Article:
Losing Abby, Losing Innocence: Family, Lies, and the Fourth of July
July 4, 1976. According to the family records, the first Independence Day celebration at our Northern California ranch was in 1909. Every year of my mother’s life and mine, we’d cranked out home-made ice cream, put up flags and bunting, and set off fireworks on a dampened lawn.
1976 is different, and I know it. I feel as if I’ve spent all of third grade getting ready for this bicentennial Fourth of July. The preparations are frantic. We are expecting over 120 guests for dinner, homemade ice cream, and fireworks. “Our largest Fourth ever,” says my grandmother, and none can contradict her.
That summer, my nine year-old self has a new dog. Keiska, the dachshund arrived in our lives just before the previous Christmas. She was intended as a family dog, but my brother’s affection for this 12 pounds of brown shorthaired ferocity is limited. My mother’s is even less.
Keiska is mine. I am the one to feed her and walk her every day when I get home from school. When school lets out and we move to the ranch for the summer, Keiska and I are together 24 hours a day. We tramp the hills together, feed the horses together (Keiska sits very quietly at a safe distance), and take naps together. When I try to get into the pool, Keiska runs up and down on the side, barking madly until I climb out.
Shortened swims are a small price to pay for a love unlike any I’ve ever known.
My cousin Dean calls. “Hugo, come help us take trash to the dump.”
It is 9:00 in the morning, already hot. The old ranch pickup is loaded with garbage bags. George, our leathery caretaker sits behind the wheel. He’d been a frogman in the Second World War; in the eyes of a young boy, every step he takes and every word he speaks is pregnant with potential lethality.
George loves dogs nearly as much as I do, which means he loves them more than people. He calls my pup “Feeska.”
Dean is 20, handsome with blonde hair falling to his shoulders. He is my hero, a fact I make embarrassingly clear by the way I study and imitate him.
I pick up Keiska and sit on the old Ford’s tailgate, and the truck begins to move.
“Take Abby,” calls my Aunt Marianna, opening a door. A large beagle bursts out as if propelled by gunpowder. Abby is seven years old, and though she belongs to all of the Butlers, my cousin Meg, a leggy and quiet 15, is the one most devoted to her.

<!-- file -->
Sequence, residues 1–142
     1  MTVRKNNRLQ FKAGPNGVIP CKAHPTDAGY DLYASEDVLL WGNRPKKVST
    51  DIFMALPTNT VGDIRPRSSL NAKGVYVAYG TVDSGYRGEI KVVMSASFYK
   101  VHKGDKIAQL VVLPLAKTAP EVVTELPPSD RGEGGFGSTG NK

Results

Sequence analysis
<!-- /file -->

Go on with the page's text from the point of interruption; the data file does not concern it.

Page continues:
Meg and Marianna wave from the door as the truck accelerated up the gravel road. I hold on tight to Keiska with one hand while the knuckles on my other grow white from gripping the tailgate. As she always does Abby runs alongside.
Keiska whines, impatient in my arms, wanting to run with her friend. Abby is Keiska’s hero, and in the two weeks since all the families had moved in for the summer season, Keiska has followed Abby everywhere.
Abby had snapped and snarled at first, but in the last few days has either acquiesced to the inevitable or developed a reluctant fondness for one very persistent little dachshund.
At the top of the ranch road is a hard right turn onto a cattle guard. I brace myself as I know from experience the truck will bounce and jolt as it crosses. Halfway across, a small thump.
In 40 years, I have never forgotten that thump, or the two seconds of silence that follow, or Abby’s awful wrenching yelps.
The truck stops. I can see Abby caught in the cattle guard, all four legs below the steel bars, her body almost flat.
Keiska begins to shake violently in my arms. Dean runs to his sister’s dog, and then jerks his hand away as Abby bites him.
“Gloves, damn it! George, I need gloves!”
George throws him gloves, taps me on the shoulder.
“You and Feeska get back down to the house now. Tell them to call a vet.”
As George and Dean work to extract the injured, howling Abby, I carry Keiska back down to the houses. I feel very calm. I’m not shaking. For the first but not last time in my life, I feel the clarity crisis brings.
I find Meg and Marianna. “Abby got hit by the truck,” I announce.
“Oh my God, just what we need. Is she alive?” My practical aunt.
“Yes. They’re getting her out of the cattle guard.”
Meg studies me. And then without a word she begins to run up the road, her sandals kicking up the gravel.
We have one old phone book, and it takes a while to locate a vet open on the Fourth of July. While the calls are made, Dean and Meg wrap Abby in blankets and put her in our largest basket.
It is the basket my mother uses every summer for picking lavender. The wicker always holds the scent until Christmas.
Abby lies in her basket on the front porch table. I sit down next to her, heeding the warnings that she might bite. She isn’t yelping anymore. She is moaning, long, dreadful moans.